‘Counter-narrative’: book on Lumad school’s agri education counters red-tagging

Sep. 11, 2020

DAVAO CITY, Philippines – A community college in Davao de Oro that was closed by the Department of Education will be releasing a book on its unique experience of agro-ecology in their curriculum.

The photobook, “Scent of Rain, Sun and Soil”, collects the experiences of Lumad students in the Community Technical College of Southeastern Mindanao (CTCSM) and visiting academe members, was launched online on Wednesday September 9.

The book’s author, Sarah Wright, professor of Geography and Development Studies at the University of Newcastle, Australia, said witnessing the dedication of the school in promoting agriculture and struggle for education to indigenous scholars was inspiring.

“To have an indigenous-led school is so important and such a fantastic thing to support. I was so deeply impressed by the dedication of the students and the staff…They are so articulate as they talk about their cultures, their work, their agriculture, and their hopes and dreams,” Wright said during the online book launch.

She said that the book was written in collaboration with the students and teachers as she felt that they should have the chance to tell their own stories.

“In terms of writing the book, I found the generosity of sharing and the keenness of everyone to be involved to be quite overwhelming and beautiful for my part,” she added.

The CTCSM was ordered closed by the DepEd Region 11, citing technicalities, which has displaced its 250 students who come from Lumad and peasant communities in Davao and other neighboring regions.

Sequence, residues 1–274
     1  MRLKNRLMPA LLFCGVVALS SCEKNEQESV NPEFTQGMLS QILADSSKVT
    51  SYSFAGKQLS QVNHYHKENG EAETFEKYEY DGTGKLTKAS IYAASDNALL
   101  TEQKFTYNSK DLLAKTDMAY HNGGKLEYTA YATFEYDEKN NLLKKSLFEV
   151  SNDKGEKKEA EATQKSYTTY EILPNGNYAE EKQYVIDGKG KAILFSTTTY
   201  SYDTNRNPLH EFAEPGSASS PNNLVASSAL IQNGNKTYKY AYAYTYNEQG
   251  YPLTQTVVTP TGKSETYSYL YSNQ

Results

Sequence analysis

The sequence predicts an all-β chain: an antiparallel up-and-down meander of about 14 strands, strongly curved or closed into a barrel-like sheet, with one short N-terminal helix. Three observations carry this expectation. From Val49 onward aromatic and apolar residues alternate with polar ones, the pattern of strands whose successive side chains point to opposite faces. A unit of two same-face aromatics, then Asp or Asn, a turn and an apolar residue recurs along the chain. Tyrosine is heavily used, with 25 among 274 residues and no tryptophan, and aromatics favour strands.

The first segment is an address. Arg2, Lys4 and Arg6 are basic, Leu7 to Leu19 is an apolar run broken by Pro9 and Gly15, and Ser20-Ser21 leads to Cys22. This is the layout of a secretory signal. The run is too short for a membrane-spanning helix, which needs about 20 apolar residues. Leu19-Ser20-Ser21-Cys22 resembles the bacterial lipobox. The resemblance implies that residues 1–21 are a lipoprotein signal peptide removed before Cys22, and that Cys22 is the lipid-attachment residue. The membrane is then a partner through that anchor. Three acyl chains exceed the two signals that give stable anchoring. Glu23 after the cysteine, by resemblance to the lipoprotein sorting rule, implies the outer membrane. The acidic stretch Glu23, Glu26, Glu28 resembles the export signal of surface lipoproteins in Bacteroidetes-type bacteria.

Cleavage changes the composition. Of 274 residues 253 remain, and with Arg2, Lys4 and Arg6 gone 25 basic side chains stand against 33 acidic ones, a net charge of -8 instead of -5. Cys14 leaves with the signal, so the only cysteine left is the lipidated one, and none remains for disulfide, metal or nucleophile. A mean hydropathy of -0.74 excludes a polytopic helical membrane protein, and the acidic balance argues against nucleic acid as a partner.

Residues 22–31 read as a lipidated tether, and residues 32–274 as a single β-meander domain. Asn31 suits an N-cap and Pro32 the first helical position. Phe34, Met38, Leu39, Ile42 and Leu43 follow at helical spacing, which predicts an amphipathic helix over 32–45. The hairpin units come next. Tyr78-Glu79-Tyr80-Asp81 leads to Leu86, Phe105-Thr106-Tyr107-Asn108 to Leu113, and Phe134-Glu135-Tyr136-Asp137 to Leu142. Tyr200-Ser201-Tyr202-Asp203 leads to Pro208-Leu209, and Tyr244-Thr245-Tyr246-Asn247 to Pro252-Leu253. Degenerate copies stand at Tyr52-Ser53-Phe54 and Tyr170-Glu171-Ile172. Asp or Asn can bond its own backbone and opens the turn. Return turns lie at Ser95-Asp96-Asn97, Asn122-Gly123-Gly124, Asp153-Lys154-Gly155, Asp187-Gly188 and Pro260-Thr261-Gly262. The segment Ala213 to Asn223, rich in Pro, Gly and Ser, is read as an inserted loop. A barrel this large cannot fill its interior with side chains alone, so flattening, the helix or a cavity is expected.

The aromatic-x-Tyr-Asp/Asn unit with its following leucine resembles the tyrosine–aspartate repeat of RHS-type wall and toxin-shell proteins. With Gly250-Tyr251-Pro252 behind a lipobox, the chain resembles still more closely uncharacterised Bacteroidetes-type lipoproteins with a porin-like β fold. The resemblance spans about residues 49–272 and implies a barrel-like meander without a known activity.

The school has also experienced being monitored by military elements and has been red-tagged.

The forum featured a message from one of the college scholars who appreciated how the school taught them the value of agriculture as part of the preservation of their ancestral land and to provide food security.

Solidarity messages include former University of the Philippines Diliman Chancellor Michael Tan who narrated his experiences from his trips to CTCSM, where he saw the potential of the school’s organic garden.

Ruby Bernardo, Vice President of Quezon City Public Schools Teachers Association, who was also able to immersed with CTCSM last 2018, believed that the book may serve as a counter-narrative to the propaganda “peddled” against this school as “red front or pawns in the war against military forces.”

“Both the publication and the launch of the book, ‘Scent of Rain, Sun and Soil’, shall radiate into the scent that would capture our dedication and commitment to fight for our right to education and become part of the larger struggle to defend our ancient land and culture,” Bernardo said.

The book, published by Newcastle University and CTCSM, can be ordered through the school’s Facebook page. (davaotoday.com)

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